Factors that push patients outside a provider network include the need for services that are not in-network, along with issues of convenience and cost. In setting up referrals, Marino said, organizations should avoid giving patients reasons (e.g., long wait times for an appointment) to go out of network. Increasing levels of price transparency make patients more like consumers, able to compare the costs of different services. 

    Engagement means understanding the patient population being managed, including the percentage considered high-risk because of chronic diseases or multiple comorbidities, said Marino, who gave a presentation Wednesday at ANI called “The New Paradigm of Patient Access: Maximizing Access Through Clinically Integrated Care.” Analytics can identify gaps in care and ways to better leverage the services of the network. 

    Extending Access Beyond Traditional Models

    Marino described five broad areas of focus for ensuring in-network access and effective patient engagement:

    • Strategy and governance
    • Patient access and scheduling
    • Patient engagement and outreach
    • Innovative care delivery design
    • Consumer channels

    Retail clinics can provide convenience, patient portals can enable easier scheduling, and call centers can help efficiently connect patients to resources. Virtual care models using technology and a team-based approach can offer expanded access to services, Marino said. Instead of doctor visits, for example, smartphone-based technology can allow diabetic patients to upload glucometer readings to their personal health record and have the data monitored by a care coach.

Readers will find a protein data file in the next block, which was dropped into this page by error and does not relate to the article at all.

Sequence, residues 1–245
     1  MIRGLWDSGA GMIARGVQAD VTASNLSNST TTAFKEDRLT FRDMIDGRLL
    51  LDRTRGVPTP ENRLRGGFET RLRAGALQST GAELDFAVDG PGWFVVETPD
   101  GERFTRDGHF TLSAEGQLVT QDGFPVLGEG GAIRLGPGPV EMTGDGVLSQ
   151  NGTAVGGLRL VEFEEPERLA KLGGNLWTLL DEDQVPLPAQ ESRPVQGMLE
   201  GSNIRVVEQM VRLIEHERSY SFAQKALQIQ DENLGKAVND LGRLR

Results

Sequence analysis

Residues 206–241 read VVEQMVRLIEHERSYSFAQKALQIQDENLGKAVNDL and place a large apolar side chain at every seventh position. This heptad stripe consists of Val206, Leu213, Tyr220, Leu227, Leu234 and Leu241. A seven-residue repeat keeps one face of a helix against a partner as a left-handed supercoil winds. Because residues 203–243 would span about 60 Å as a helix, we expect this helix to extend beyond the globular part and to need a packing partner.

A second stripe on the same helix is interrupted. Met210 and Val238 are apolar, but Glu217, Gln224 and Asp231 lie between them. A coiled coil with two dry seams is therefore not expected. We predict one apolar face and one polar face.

Building Innovative Methods to Engage Patients

    Understanding patient needs involves connecting with them. Marino cited a social media-based cancer support network in which physicians wrote short blogs in response to patient questions. Patients and their families saw “great value” in the approach, thereby increasing loyalty.  

    The concept of virtual care is starting to gain traction, Marino said. Certain patients can be treated online using a health portal managed by a physician or registered nurse. Payment for virtual care is still a challenge, however. “Payers are moving from straight fee for service to fee for value, because if you can proactively manage patients online, that provides a lot of downstream value in terms of cost management,” Marino said. 

    Virtual technology also can be used to support rural community hospitals, leveraging the expertise of large academic hospitals to help care for medically complex patients. 

    “The goal of value-based care is to create this organized system of clinically integrated care and a strong network in which you can offer services to patients in the community,” Marino said. “Then you wrap a value-based contract around it.” 

    Marino presented the session with Meredith Duncan, senior director of operations for Seton Health Alliance.